Leave a comment with your nutty, tahini recipes. Follow my Pinterest for more recipes. Check back again next Wednesday for more tips and tricks from The Cooking Bug.

Pesto and Halibut

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As we all know, fish is a great source of omega-3 fatty acids.  But, fish can be, well, fishy with its bland flavor and slimy coating.  However, cooked properly and seasoned gracefully fish can be quite tasty and satisfying to your taste buds.  Halibut fits into these categories.

The pesto that I created was so delicious that it couldn’t be too nutritious.  Yet, when using fresh ingredients with no added preservatives and in moderation, anything can be healthy.  The pesto adds a nice flavor that tames the fishiness of the Halibut.  It can be used as a topping to any fish of your choice, tossed in with sautéed vegetables, added with spaghetti squash or with another dish of your imagination.

What you’ll need:

2 cups basil;   3 garlic cloves;   ½ cup walnut pieces;   ½ cup grated Pecorino-Romano cheese;   1 tsp lemon juice;   salt & pepper;   ¾ cup olive oil

Here are some helpful tips to keep in mind:

  1. I chopped my basil so that it would be easier to blend, but you can keep yours whole.
  2. You can use walnuts or pine nuts in a 1-to-1 ratio for your pesto.  I think walnuts give it a softer taste than pine nuts which are a bit more robust ground up.
  3. Add everything to the food processor except the olive oil.  Adding the olive oil separate allows for it to incorporate the ingredients evenly.pestoshrimpcaulipizza2
    4.  Add the olive oil slowly while the ingredients are blending.  Again, this process allows for an even incorporation of ingredients.
    5.  Blend for 30 seconds after adding the olive oil making sure to scrape the sides to create a more pastier pesto.
    6.  You can use Manchego or another type of cheese in replacement to the Parmesan.

If you are a pesto lover like myself, you’ll have no problem taking nibbles to make sure your seasoning is perfect before topping your food.  Remember, since pesto has so much olive oil that you will need to mix it before using it each time or the ingredients will separate.  Also, keep in mind that a little goes a long way so use the pesto sparingly.  Now, all that you have to do is top your fish or main dish with a tablespoon of pesto and enjoy.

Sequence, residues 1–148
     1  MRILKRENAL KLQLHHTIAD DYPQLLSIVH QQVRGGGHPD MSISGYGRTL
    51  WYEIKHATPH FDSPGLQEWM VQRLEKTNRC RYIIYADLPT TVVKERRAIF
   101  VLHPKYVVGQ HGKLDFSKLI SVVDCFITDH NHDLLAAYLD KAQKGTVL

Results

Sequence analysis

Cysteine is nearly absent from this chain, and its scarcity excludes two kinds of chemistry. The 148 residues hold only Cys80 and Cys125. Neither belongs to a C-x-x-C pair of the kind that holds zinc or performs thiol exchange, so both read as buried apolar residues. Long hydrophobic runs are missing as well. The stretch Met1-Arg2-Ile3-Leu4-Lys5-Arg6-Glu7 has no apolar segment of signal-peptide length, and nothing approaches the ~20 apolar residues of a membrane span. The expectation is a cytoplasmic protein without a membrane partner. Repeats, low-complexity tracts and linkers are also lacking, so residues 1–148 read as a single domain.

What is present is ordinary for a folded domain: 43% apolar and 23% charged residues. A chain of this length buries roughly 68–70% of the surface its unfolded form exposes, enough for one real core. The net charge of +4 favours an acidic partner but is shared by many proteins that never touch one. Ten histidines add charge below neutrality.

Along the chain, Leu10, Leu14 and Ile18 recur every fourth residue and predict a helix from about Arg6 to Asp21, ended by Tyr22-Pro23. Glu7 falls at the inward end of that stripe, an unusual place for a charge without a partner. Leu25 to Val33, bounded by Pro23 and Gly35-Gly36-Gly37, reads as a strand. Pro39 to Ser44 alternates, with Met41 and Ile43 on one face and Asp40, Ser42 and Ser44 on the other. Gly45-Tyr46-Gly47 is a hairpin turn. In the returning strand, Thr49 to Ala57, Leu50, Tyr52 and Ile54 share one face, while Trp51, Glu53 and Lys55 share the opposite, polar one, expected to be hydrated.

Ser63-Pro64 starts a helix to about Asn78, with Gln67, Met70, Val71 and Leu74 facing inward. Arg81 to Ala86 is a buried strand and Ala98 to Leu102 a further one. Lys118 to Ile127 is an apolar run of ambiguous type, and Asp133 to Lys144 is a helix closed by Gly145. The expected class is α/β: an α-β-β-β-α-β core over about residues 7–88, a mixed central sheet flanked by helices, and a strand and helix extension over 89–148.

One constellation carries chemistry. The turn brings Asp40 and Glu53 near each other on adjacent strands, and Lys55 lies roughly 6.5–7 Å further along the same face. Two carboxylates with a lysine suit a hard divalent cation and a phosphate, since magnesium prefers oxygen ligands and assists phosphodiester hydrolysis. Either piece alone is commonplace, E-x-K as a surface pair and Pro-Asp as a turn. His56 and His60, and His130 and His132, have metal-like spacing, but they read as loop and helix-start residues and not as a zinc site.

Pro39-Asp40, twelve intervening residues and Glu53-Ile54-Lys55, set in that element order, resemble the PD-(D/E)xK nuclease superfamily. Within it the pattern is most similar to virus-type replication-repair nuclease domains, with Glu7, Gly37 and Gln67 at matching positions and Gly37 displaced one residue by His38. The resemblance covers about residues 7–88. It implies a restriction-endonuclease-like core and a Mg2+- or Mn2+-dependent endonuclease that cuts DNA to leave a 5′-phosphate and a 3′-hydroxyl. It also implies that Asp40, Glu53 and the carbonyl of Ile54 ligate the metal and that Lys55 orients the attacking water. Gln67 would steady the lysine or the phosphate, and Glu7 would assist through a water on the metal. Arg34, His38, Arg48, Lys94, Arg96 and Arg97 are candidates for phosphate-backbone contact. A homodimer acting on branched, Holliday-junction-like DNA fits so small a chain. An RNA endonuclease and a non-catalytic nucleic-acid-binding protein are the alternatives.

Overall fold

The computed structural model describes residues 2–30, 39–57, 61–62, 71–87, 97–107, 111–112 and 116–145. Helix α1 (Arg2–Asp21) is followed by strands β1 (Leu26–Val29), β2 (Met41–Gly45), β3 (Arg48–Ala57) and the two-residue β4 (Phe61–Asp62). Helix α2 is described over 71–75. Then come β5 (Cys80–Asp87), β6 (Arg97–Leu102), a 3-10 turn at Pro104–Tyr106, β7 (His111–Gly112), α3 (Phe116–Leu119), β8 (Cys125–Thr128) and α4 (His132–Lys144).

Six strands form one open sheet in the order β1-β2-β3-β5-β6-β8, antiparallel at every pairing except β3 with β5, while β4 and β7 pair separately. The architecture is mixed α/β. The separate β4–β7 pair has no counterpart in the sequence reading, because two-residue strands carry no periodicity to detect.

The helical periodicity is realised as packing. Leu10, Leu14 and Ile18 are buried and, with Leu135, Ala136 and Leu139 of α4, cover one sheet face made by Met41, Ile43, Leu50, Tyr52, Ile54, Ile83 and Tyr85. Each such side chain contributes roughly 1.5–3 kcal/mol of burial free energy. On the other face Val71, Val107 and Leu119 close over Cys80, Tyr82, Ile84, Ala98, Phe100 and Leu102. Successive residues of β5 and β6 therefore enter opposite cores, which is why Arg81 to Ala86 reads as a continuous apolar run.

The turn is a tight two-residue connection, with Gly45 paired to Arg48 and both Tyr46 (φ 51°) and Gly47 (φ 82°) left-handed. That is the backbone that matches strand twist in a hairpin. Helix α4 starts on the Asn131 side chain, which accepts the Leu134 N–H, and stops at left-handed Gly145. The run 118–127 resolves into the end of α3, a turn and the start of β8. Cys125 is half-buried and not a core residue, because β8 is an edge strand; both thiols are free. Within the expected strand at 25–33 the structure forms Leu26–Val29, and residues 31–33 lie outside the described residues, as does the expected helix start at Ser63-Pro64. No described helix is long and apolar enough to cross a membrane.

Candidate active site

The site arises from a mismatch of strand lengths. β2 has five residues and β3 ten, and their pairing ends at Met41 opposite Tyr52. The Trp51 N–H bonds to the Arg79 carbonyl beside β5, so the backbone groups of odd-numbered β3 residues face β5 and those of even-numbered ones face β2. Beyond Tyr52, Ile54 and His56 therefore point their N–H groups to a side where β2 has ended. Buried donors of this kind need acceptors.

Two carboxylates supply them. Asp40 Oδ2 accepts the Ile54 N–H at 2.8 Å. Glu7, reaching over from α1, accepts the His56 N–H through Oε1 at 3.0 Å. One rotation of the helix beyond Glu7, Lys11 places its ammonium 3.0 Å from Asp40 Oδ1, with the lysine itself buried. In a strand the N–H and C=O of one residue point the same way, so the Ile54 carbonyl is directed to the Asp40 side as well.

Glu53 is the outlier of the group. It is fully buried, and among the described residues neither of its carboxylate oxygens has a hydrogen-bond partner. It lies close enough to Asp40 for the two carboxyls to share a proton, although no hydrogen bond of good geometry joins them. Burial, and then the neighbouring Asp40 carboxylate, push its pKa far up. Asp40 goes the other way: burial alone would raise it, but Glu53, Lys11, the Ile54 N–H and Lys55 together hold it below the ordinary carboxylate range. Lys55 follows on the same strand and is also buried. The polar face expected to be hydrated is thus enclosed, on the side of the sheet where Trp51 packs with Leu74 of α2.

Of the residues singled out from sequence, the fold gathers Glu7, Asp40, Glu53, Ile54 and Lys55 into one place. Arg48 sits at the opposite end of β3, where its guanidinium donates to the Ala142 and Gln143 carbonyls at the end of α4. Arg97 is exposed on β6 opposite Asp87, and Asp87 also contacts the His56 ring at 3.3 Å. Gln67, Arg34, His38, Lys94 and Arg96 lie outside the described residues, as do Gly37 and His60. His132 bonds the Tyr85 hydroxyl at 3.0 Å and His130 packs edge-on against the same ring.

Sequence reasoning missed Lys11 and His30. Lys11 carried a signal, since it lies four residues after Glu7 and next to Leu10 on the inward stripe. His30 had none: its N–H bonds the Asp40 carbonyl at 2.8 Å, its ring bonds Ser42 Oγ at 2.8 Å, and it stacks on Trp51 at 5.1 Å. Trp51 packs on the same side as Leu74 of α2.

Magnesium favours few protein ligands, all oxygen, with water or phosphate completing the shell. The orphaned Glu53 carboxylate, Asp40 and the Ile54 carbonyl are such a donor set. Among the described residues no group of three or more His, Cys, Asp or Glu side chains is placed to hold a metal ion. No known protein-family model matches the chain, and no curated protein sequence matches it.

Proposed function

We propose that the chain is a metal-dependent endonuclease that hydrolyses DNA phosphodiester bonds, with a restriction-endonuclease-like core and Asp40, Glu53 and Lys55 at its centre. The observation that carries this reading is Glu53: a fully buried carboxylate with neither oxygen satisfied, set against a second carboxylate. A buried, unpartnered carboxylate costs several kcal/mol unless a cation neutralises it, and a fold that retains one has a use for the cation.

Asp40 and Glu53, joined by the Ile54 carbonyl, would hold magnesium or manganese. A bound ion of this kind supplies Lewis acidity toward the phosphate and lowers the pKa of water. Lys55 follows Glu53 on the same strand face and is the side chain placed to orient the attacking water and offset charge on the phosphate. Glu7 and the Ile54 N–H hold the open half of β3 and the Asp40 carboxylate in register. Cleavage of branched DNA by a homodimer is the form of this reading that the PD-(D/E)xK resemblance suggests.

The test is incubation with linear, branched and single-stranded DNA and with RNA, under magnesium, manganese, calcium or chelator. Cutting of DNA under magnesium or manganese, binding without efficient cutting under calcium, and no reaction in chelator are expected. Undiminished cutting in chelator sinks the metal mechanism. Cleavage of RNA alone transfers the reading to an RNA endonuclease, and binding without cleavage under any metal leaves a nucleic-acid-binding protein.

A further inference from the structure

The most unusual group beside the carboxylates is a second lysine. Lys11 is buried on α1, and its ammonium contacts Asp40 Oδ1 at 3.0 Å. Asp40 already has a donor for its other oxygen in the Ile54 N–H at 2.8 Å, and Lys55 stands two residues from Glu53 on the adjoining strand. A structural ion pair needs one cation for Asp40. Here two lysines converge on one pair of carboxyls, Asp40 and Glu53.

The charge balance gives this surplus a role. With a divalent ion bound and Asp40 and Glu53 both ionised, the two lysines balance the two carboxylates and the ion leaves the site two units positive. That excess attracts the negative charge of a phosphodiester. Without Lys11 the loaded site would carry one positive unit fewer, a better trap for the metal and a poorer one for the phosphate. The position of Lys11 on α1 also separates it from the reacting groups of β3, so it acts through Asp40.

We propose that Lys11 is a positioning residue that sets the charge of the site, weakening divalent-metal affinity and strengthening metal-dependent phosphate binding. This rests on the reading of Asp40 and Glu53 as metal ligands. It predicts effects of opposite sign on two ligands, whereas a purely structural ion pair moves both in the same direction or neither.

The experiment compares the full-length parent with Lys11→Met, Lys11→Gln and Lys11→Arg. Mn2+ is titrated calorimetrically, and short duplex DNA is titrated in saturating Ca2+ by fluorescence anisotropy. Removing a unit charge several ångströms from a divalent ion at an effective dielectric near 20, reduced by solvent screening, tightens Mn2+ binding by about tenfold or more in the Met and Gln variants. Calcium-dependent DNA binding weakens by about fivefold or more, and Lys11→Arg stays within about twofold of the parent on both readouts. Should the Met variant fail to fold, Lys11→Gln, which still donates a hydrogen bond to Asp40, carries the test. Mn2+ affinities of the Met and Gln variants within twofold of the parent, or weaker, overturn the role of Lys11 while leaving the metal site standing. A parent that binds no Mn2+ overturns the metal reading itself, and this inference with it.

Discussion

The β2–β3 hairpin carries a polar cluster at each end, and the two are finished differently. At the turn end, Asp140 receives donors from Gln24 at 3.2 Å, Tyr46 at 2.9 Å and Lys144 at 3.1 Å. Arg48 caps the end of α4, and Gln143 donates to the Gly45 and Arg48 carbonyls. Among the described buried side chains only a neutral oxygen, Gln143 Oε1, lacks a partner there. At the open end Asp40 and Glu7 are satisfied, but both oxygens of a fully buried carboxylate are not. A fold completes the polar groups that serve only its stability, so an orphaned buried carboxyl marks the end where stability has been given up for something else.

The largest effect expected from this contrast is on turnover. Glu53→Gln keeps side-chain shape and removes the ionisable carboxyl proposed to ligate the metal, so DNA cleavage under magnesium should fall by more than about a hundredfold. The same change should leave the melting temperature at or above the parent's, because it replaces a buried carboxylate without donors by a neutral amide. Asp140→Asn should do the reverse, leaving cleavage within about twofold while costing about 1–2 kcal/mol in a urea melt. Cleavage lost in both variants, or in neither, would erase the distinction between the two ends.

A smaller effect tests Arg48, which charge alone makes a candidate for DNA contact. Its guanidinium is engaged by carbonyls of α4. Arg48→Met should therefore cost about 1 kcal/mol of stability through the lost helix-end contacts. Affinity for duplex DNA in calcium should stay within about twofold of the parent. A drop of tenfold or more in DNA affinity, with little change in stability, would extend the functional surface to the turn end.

Leave a comment with your pesto pairings.  Follow my Pinterest for more delicious recipes.  Check back again next Wednesday for more tips and tricks from The Cooking Bug.

Sirloin Burger w/Cilantro Cumin Sauce

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You might be negotiating with the fact that most doctors recommend staying away from red meats.  While that may be the case, you need to constantly be changing your dietary foods.  Don’t go crazy now that you know the secret, but keep it in mind that a little red meat won’t hurt.  And what can be made best with red meat?  A grilled and juicy burger!

Now, this sirloin burger comes with a punch in the sauce department.  If you’re like me, a little spice can go a long, long way; however, I’ve been learning with Jillian Michael’s Master Your Metabolism recipes that spice is the new black.  It seems that she wants to kick your butt into gear and spice up not only workouts but recipes as well.  This sirloin burger w/cumin jalapeño sauce does her justice.

For these 430 calorie burgers serving four you’ll need, 3 jalapeños, cilantro, garlic, 1 tbsp lime juice, 1 tsp cumin, 2 tbsp water, salt, pepper, olive oil for brushing, 4 slices pepper jack cheese, and 1½ lbs sirloin.  Along with those ingredients you’ll need lettuce, tomato, and 1 slice of bread for serving compliments.  Knead the sirloin, ½ cilantro, and ½ tsp cumin for your burgers.  After cooking add your sliced cheese.  All the rest of the ingredients are blended for the sauce.

Here are some helpful tips to keep in mind:

  1. I used a piece of pepper jack on top of the burger.  Incorporating it into the burger will help as a binding factor, but since we’re using sirloin the meat compacts and holds
    well already.
  2. Make sure to wash your hands after handling the jalapenos.  **AT NO TIME SHOULD YOU WIPE YOUR FACE OR EYES**
  3. I used a food processor in place of a blender because it’s what I had on hand and I believe they work a little better.